Private Wealth national chair Joshua Rubenstein spoke with Citywealth on the impact the COVID-19 pandemic has had on the estate planning industry. One of the earliest pressing issues was tied to notarizing or witnessing documents. He stated, “There had already been legislative change, particularly in the [United States] to authorize digital wills and I suspect a year from now such legislation will be more prevalent, as will procedures for remote witnessing and notarization in general. And presumably in the future, drafters of documents will eliminate requirements such as giving notice by ‘personal delivery.’” He noted that eventually “[t]here will probably be a preference to return to physical execution and witnessing, which is harder to challenge in litigation, but having the options will be important.”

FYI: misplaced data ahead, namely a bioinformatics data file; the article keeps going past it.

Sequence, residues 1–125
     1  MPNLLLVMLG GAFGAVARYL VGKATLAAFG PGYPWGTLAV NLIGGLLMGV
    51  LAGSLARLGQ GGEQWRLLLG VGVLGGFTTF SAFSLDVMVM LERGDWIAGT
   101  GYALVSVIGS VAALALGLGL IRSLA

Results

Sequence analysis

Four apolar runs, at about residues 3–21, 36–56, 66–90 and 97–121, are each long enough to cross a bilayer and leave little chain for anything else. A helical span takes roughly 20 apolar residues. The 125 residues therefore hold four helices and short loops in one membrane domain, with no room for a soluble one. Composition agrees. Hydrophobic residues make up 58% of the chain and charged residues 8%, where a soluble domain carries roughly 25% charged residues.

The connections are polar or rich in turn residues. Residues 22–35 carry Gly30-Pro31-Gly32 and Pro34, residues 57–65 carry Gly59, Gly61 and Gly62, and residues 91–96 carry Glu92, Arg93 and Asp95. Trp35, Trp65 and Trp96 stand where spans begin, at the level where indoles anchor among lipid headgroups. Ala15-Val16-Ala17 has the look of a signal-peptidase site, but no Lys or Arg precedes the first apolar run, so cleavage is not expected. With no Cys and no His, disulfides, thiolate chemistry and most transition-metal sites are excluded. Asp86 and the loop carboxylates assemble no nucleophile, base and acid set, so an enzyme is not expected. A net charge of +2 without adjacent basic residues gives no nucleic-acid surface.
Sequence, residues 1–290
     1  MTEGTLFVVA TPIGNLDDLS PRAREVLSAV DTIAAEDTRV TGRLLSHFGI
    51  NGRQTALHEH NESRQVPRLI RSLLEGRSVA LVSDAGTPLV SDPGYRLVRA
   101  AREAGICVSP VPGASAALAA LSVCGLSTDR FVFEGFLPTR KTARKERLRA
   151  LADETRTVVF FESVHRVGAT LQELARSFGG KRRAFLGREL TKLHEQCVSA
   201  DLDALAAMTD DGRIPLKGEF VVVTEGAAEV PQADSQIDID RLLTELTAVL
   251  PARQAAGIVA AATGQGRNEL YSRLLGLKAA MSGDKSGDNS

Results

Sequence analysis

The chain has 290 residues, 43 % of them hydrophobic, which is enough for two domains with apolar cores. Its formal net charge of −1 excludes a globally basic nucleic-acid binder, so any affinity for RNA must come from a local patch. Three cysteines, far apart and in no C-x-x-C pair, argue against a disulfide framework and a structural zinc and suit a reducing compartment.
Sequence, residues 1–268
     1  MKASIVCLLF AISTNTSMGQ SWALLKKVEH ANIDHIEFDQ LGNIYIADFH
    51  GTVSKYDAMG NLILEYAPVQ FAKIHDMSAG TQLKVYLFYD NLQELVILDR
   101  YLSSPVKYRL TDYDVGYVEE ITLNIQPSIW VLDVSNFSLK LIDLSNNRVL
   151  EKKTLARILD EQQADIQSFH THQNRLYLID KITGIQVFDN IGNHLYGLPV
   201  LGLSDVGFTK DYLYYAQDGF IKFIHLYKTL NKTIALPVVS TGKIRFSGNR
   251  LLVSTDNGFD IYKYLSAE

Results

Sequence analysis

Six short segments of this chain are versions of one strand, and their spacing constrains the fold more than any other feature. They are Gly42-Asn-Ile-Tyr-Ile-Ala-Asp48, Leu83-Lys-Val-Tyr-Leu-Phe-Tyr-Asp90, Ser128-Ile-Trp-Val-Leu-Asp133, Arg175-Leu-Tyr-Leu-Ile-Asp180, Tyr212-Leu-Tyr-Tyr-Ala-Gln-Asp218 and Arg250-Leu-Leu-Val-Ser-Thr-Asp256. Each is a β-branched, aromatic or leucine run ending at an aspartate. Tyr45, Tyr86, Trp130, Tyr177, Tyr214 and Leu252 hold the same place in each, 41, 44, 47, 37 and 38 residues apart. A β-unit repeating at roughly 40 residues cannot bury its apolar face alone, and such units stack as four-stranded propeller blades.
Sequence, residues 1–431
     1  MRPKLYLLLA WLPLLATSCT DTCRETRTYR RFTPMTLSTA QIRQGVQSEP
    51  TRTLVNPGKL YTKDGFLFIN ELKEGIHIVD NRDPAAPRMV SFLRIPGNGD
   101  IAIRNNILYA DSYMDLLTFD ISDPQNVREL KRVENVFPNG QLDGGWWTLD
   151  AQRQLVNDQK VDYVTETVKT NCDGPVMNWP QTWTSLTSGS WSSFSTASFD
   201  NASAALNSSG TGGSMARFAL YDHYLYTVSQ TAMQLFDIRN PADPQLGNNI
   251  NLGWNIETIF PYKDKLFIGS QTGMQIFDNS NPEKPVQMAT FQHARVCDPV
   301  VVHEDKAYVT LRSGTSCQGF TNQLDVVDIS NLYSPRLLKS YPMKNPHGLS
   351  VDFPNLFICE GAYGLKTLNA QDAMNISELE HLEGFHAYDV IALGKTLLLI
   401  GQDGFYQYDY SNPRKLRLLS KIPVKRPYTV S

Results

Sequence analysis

Josh indicates that there will be both an increase in litigation and a backlog in cases due to court closures. He explains, “On the planning end, it was impossible to go to court for routine matters such as varying a will and trust, and on the litigation end, it became impossible to resolve disputes for a protracted period of time (years, if you include the lengthy backlogs confronting courts as they reopen).” He added that “it will become more commonplace to draft to cover these situations.”

Overall, he expects taxes to rise for the United States. Josh stated, “Given the trillions of dollars of debt countries are incurring in order to keep their residents afloat while they are sequestered and/or out of work, I think it is safe to assume that taxes will be going up. How to minimize the impact of that likelihood will keep planners busy for at least the next several years.” (“Wills and succession: Preparing the umbrella before it rains,” July 7, 2020)